ES6 is totally different. In theory, I am outside. Because functions declared within a block level scope are similar to let, they have no effect outside the scope. However, if you run the above code in ES6 browser, you will report an error. Why?

It turns out that if you change the processing rules of functions declared at the block level, it will obviously have a great impact on the old code. In order to reduce the incompatibility problem, ES6 stipulates in Appendix B that browser implementation can not comply with the above provisions and have its own behavior mode.

Allows functions to be declared at the block level scope

A function declaration is similar to VaR, which is promoted to the head of the global scope or function scope.

At the same time, the function declaration is promoted to the head of the block level scope it is in.

Note that the above three rules are only valid for the browser implementation of ES6. Implementation in other environments does not need to comply with them, and the function declaration of block level scope is treated as let.

According to these three rules, in the browser’s ES6 environment, functions declared at the block level behave like variables declared by var.

//ES6 environment of browser
function f() { console.log('I am outside!'); }
(function () {
 if (false) {
  //Repeat the declaration of function F
  function f() { console.log('I am inside!'); }
 }
 f();
}());
// Uncaught TypeError: f is not a function

The above code will report an error in ES6 compliant browsers, because the actual running code is the following code.

//ES6 environment of browser
function f() { console.log('I am outside!'); }
(function () {
 var f = undefined;
 if (false) {
  function f() { console.log('I am inside!'); }
 }
 f();
}());
// Uncaught TypeError: f is not a function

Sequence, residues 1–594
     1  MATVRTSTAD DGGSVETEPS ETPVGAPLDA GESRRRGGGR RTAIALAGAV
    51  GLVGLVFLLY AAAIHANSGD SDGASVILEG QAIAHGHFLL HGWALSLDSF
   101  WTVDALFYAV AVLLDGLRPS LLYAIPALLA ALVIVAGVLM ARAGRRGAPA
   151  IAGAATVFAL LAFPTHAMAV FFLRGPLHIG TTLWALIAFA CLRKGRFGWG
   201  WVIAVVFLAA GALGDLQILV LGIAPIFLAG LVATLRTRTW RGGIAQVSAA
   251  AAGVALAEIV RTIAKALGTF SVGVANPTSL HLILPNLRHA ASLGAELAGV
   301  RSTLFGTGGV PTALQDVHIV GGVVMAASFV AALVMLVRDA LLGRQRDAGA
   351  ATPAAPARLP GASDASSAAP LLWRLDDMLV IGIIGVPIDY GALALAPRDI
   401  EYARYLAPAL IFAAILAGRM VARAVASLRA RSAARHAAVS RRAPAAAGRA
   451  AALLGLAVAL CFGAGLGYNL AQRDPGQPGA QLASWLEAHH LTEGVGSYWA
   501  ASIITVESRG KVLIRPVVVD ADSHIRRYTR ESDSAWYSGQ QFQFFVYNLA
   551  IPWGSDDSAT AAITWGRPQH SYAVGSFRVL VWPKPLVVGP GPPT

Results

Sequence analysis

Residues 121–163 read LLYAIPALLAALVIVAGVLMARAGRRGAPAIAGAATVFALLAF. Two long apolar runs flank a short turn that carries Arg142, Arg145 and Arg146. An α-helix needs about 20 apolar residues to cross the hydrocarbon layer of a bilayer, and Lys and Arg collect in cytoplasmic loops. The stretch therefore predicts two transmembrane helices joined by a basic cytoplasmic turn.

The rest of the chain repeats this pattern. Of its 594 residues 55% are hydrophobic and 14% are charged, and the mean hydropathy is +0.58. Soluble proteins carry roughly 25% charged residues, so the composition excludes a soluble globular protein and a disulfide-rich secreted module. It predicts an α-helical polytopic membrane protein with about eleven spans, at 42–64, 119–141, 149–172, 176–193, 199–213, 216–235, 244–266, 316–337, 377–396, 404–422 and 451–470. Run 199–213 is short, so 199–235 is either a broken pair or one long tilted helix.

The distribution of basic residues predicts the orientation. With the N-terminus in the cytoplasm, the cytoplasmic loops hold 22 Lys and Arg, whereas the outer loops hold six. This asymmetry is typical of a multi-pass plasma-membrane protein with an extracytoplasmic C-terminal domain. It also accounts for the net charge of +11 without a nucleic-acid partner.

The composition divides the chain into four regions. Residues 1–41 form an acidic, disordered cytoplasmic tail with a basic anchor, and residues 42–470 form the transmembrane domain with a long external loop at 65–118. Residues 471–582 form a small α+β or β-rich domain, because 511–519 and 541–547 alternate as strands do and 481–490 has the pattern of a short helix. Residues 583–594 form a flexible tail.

Considering that the behavior differences caused by the environment are too large, you should avoid declaring functions at the block level. If necessary, it should also be written as a function expression, not a function declaration statement.

//Function declaration statement
{
 let a = 'secret';
 function f() {
  return a;
 }
}
//Function expression
{
 let a = 'secret';
 let f = function () {
  return a;
 };
}

In addition, there is another thing to pay attention to. The block level scope of ES6 allows the rule to declare functions, which only holds when braces are used. If no braces are used, an error will be reported.

//No error reporting
'use strict';
if (true) {
 function f() {}
}
//Report a mistake
'use strict';
if (true)
 function f() {}

Do expression

In essence, a block level scope is a statement that encapsulates multiple operations with no return value.


 {
 let t = f();
 t = t * t + 1;
}

In the above code, the block level scope encapsulates the two statements together. However, outside the block level scope, there is no way to get the value of T, because the block level scope does not return a value unless t is a global variable.

Now there is a proposal to make the block level scope become an expression, that is to say, it can return a value by adding do before the block level scope to make it a do expression.


let x = do {
 let t = f();
 t * t + 1;
};

In the above code, variable x gets the return value of the entire block level scope.

Const command

Basic Usage

Const declares a read-only constant. Once declared, the value of a constant cannot be changed.


const PI = 3.1415;
PI // 3.1415
PI = 3;
// TypeError: Assignment to constant variable.

The above code indicates that changing the value of a constant will result in an error.

The variable declared by const must not change its value, which means that once const declares a variable, it must be initialized immediately and cannot be left for later assignment.

const foo;
// SyntaxError: Missing initializer in const declaration
The above code indicates that for const, if you just declare no assignment, an error will be reported.